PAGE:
They tell you that this ocean is for all of us who don’t know. You are shocked that the “us” includes you; it doesn’t feel wrong, so you stay.
You learn to tie knots, and you learn to navigate using the stars. You know how to grow your own tail now, and the murky waters, once terrifying, now feel like home.
With joy, you tell a sailor this. You see the sadness in his eyes when he tells you, “that means it’s time to leave.” You don’t want to leave. You have just found warmth in a murky black ocean. You had just learned to sail this ship, and now you are forced to chart a new course.
You wave goodbye to the friends you made. You don’t know if you’ll ever see them again. One of them shouts your name, but just as you turn to face them, a wave crashes in your vision. There is no time to be sentimental now; you must keep yourself afloat.
You take your map and plan your route. It is only when your boat touches land that you realize where you are. You are home. You are home with new scars and new memories, but this is still home. You ask your dad if the Mets won last night and your mom if she wants to go book shopping. For a second, everything is normal. You did not just walk off a boat from a magical sea. Your hair has not grown, and you have not changed.
As the seconds pass, though, any sense of normalcy shatters. Your mother squints and asks about the strange flag on your ship. Your dad tells you not to move. Your parents have always been good with words, and the confession they drag from you is sharp and messy like broken shells washed too far onto the shore.
Yet, they collect these broken shells and press them together in their palms. They tell you that you are loved, no matter who you happen to be in love with. Just like that, the cracks in the shell begin to fade. They are not fixed, they are still brittle, but they begin to heal.
Oh, what healing will do. No longer will you drown in waves of words too niche for how you feel, nor will you struggle to explain why your gaze lingers on the pride displays at Target. You will still be awkward and messy, and you will cry too much over silly things, but that’s growing up.
You are happy now with who you have become. You would like to think that 10-year-old you would be satisfied too. She deserves to be happy. She deserves to love herself in the way you do now. You are so far away from where this story began and yet still so far away from its ending. You no longer strain against the weight of your own fear. You are strong. You are one drop of water in a sea of color, but here, you are home.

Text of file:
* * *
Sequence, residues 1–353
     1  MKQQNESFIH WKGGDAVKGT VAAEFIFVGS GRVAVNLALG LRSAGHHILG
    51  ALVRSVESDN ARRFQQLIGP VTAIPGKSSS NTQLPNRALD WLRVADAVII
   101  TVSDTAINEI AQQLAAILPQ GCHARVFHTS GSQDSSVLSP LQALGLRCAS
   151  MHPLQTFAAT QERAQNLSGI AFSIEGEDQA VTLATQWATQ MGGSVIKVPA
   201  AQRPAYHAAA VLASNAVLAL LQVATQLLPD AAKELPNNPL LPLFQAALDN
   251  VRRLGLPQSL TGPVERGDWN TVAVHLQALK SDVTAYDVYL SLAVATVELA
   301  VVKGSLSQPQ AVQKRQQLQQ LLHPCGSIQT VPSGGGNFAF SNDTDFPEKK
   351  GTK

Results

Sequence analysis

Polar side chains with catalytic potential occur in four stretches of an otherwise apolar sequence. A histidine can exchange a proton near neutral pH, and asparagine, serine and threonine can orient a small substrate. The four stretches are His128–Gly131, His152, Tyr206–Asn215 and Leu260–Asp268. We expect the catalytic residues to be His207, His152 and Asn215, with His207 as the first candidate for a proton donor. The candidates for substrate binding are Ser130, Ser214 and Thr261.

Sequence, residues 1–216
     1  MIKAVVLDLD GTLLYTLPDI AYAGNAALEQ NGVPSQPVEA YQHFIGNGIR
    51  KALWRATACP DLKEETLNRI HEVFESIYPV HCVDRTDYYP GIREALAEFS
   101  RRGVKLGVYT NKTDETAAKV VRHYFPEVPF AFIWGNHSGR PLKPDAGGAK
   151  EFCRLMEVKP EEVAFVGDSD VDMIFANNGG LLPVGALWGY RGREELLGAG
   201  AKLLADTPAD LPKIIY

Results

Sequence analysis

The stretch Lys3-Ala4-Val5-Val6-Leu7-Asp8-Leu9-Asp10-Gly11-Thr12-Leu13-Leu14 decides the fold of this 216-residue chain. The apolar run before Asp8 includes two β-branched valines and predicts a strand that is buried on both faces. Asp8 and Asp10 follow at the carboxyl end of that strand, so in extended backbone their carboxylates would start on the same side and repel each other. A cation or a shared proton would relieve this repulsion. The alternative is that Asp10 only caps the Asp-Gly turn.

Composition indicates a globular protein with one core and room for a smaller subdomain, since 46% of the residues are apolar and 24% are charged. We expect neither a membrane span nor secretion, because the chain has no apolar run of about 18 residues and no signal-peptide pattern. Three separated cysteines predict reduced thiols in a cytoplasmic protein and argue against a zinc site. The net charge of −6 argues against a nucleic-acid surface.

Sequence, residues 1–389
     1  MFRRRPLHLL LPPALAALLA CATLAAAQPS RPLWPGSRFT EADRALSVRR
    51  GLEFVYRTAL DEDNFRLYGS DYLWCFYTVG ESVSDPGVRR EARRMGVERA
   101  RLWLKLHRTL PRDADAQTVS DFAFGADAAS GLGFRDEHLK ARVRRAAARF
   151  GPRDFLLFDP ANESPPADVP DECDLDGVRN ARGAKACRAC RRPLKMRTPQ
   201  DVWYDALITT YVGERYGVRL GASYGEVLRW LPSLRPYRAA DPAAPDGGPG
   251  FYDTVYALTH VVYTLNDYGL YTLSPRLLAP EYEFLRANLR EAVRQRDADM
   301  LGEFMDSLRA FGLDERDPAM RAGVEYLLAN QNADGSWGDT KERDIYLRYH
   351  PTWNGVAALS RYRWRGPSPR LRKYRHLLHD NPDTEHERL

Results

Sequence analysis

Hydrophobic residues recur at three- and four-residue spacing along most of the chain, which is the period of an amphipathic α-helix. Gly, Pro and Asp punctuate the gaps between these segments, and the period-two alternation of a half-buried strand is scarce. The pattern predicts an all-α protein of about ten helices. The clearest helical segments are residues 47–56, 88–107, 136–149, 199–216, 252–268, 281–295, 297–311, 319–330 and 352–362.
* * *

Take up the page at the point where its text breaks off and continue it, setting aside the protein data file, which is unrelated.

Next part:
You have survived through four long years of inner turmoil for this day. It has been exactly four years and four days since the Obgerfell V Hodges decision. In that second, you realize how light you feel, no longer bogged down by the heavy questions in your soul. You have grown up, and you are no longer worried about precise definitions. You are loved by your family and friends, and you might just love someone too. Nobody cares who exactly that is. Your friend is next to you; you giggle as he smacks a rainbow heart sticker onto your forehead.
It is June 30th, 2019; you are somewhere in downtown Manhattan, and you are laughing. You are waving a rainbow flag that your parents bought for you amongst a crowd of others. You hear music start playing, and then you are dancing. You don’t have to wonder anymore how those people in DC felt four years ago. You know it now too.
You stand with your shoulders back, laughing and dancing. You smile at the sea of color surrounding you, and your mom catches a photo of you dancing, flag in hand. You are strong here. You are safe here. You are a part of an “us” larger than yourself. You are crying again, but this time you are happy.
You are proud.